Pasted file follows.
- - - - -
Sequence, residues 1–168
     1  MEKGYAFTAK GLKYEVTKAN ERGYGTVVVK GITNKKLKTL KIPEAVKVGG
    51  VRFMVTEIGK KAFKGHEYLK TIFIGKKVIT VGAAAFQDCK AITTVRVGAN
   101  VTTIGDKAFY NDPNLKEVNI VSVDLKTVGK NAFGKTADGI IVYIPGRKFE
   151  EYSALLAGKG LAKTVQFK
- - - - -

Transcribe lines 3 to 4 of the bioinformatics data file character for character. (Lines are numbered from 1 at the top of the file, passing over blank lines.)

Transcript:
    51  VRFMVTEIGK KAFKGHEYLK TIFIGKKVIT VGAAAFQDCK AITTVRVGAN
   101  VTTIGDKAFY NDPNLKEVNI VSVDLKTVGK NAFGKTADGI IVYIPGRKFE